Transient overvoltages caused by electrical switching events are very common and can be a source of considerable interference. Current flowing through a conductor creates a magnetic field in which energy is stored. When the current is interrupted or switched off, the energy in the magnetic field is suddenly released. In an attempt to dissipate itself it becomes a high voltage transient.

The more stored energy, the larger the resulting transient. Higher currents and longer lengths of conductor both contribute to more energy stored and also released!

This is why inductive loads such as motors, transformers, and electrical drives are all common causes of switching transients.

The significance of BS EN/IEC 62305-4

Previously transient overvoltage or surge protection was included as an advisory annex in the BS 6651 standard, with a separate risk assessment. As a result, protection was often fitted after equipment damage was suffered, often through the obligation to insurance companies. However, the single risk assessment in BS EN/IEC 62305 dictates whether structural and/or LEMP protection is required hence structural lightning protection cannot now be considered in isolation from transient overvoltage protection – known as Surge Protective Devices (SPDs) within this new standard. This in itself is a significant deviation from that of BS 6651.

Indeed, as per BS EN/IEC 62305-3, an LPS system can no longer be fitted without lightning current or equipotential bonding SPDs to incoming metallic services that have “live cores” – such as power and telecoms cables – which cannot be directly bonded to earth. Such SPDs are required to protect against the risk of loss of human life by preventing dangerous sparking that could present a fire or electric shock hazards.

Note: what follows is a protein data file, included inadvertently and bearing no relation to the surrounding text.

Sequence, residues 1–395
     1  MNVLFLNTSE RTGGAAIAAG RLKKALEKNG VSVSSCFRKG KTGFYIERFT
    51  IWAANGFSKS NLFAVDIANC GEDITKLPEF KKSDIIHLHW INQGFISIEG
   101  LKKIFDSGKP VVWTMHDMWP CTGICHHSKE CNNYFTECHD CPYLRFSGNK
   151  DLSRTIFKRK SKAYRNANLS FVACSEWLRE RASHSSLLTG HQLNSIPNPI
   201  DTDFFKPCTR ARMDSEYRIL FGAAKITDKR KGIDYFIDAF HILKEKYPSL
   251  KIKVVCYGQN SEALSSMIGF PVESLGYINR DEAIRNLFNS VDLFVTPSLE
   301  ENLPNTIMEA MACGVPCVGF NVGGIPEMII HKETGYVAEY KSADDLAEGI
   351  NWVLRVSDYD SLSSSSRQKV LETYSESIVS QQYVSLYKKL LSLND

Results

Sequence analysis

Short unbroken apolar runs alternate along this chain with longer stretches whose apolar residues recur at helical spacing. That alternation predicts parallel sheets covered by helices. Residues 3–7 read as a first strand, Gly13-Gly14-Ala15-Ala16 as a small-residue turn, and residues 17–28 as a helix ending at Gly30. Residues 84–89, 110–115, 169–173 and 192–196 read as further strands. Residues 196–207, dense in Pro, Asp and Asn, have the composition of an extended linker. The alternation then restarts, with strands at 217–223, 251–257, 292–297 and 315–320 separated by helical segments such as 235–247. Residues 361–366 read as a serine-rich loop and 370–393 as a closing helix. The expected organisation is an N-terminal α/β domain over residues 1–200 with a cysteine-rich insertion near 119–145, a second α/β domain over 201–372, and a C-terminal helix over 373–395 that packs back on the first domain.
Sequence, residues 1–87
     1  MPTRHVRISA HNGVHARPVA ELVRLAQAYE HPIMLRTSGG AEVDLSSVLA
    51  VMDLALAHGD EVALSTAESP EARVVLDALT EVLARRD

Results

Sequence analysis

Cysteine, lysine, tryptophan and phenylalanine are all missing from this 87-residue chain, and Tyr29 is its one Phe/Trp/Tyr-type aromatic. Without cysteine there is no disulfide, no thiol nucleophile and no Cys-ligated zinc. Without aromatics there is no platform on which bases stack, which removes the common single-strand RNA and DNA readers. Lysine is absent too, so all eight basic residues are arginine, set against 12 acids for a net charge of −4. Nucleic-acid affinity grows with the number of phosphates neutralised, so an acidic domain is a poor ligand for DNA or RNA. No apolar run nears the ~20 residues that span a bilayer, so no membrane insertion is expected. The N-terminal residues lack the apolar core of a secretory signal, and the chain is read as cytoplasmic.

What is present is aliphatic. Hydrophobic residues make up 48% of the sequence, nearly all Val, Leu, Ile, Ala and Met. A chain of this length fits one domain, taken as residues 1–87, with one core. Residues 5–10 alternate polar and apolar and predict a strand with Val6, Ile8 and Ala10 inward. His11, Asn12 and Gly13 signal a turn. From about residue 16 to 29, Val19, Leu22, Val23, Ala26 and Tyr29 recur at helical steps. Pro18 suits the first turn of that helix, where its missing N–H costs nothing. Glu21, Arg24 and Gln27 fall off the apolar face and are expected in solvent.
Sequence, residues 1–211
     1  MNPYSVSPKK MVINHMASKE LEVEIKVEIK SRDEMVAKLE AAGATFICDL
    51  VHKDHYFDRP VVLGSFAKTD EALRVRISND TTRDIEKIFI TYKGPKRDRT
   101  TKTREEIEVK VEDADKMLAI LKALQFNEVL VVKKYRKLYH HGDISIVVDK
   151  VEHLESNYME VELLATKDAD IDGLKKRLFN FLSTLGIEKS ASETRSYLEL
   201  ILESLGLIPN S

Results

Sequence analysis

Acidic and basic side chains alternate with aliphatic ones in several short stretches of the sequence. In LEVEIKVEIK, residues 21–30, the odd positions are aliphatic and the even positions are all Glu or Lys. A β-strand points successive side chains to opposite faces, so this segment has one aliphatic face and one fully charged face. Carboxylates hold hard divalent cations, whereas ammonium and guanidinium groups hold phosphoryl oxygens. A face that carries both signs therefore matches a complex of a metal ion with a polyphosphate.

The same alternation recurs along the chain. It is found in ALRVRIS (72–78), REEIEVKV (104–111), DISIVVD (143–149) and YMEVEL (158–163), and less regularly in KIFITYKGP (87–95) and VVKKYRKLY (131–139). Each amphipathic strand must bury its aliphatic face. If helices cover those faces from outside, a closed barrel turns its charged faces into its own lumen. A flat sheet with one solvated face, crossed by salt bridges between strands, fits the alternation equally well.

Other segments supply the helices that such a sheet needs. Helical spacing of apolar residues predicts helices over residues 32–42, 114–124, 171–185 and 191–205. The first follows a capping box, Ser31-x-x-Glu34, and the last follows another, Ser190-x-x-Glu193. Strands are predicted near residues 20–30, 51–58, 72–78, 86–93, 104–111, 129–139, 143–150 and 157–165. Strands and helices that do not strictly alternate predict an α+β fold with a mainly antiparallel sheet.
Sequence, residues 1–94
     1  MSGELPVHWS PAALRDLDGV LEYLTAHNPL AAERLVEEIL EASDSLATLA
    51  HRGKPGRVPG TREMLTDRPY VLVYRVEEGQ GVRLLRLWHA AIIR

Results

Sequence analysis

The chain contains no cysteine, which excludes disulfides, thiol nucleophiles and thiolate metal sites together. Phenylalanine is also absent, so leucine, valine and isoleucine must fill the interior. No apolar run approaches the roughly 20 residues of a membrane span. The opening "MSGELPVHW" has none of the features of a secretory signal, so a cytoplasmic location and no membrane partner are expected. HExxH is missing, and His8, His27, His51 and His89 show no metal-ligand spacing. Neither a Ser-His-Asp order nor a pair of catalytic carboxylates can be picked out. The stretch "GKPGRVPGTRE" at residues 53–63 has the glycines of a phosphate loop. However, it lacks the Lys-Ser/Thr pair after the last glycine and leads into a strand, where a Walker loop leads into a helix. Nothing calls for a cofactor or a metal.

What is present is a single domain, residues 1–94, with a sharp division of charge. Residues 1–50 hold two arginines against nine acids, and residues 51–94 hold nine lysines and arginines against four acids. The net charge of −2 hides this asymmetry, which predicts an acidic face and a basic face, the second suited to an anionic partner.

Lightning current or equipotential bonding SPDs are also used on overhead service lines feeding the structure that are at risk from a direct strike. However, the use of these SPDs alone “provides no effective protection against failure of sensitive electrical or electronic systems”, to quote BS EN/IEC 62305 part 4, which is specifically dedicated to the protection of electrical and electronic systems within structures.

Lightning current SPDs form one part of a coordinated set of SPDs that include overvoltage SPDs – which are needed in total to effectively protect sensitive electrical and electronic systems from both lightning and switching transients.

Lightning Protection Zones (LPZs)Figure 22 - Basic LPZ concept - BS EN-IEC 62305-4

Whilst BS 6651 recognised a concept of zoning in Annex C (Location Categories A, B, and C), BS EN/IEC 62305-4 defines the concept of Lightning Protection Zones (LPZs). Figure 22 illustrates the basic LPZ concept defined by protection measures against LEMP as detailed within part 4.

Within a structure, a series of LPZs are created to have, or identified as already having, successively less exposure to the effects of lightning.

Successive zones use a combination of bonding, shielding and coordinated SPDs to achieve a significant reduction in LEMP severity, from conducted surge currents and transient overvoltages, as well as radiated magnetic field effects. Designers coordinate these levels so that the more sensitive equipment is sited in the more protected zones.

The LPZs can be split into two categories – 2 external zones (LPZ 0A, LPZ 0B) and usually 2 internal zones (LPZ 1, 2) although further zones can be introduced for a further reduction of the electromagnetic field and lightning current if required.